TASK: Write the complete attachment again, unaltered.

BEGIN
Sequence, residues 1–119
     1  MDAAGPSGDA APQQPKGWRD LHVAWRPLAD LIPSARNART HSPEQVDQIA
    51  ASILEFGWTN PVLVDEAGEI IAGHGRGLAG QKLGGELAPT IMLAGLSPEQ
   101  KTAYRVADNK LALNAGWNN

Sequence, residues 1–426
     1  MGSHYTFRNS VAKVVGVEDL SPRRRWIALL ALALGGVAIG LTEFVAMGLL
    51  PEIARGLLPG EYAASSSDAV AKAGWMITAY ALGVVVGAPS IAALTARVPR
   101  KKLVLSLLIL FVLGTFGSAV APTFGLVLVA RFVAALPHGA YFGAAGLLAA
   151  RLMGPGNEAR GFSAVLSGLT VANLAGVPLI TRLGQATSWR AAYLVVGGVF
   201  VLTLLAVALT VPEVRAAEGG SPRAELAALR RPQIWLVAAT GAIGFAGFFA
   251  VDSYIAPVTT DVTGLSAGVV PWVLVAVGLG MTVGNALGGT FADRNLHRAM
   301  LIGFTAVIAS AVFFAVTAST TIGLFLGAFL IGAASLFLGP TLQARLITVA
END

Sequence, residues 1–119
     1  MDAAGPSGDA APQQPKGWRD LHVAWRPLAD LIPSARNART HSPEQVDQIA
    51  ASILEFGWTN PVLVDEAGEI IAGHGRGLAG QKLGGELAPT IMLAGLSPEQ
   101  KTAYRVADNK LALNAGWNN

Sequence, residues 1–426
     1  MGSHYTFRNS VAKVVGVEDL SPRRRWIALL ALALGGVAIG LTEFVAMGLL
    51  PEIARGLLPG EYAASSSDAV AKAGWMITAY ALGVVVGAPS IAALTARVPR
   101  KKLVLSLLIL FVLGTFGSAV APTFGLVLVA RFVAALPHGA YFGAAGLLAA
   151  RLMGPGNEAR GFSAVLSGLT VANLAGVPLI TRLGQATSWR AAYLVVGGVF
   201  VLTLLAVALT VPEVRAAEGG SPRAELAALR RPQIWLVAAT GAIGFAGFFA
   251  VDSYIAPVTT DVTGLSAGVV PWVLVAVGLG MTVGNALGGT FADRNLHRAM
   301  LIGFTAVIAS AVFFAVTAST TIGLFLGAFL IGAASLFLGP TLQARLITVA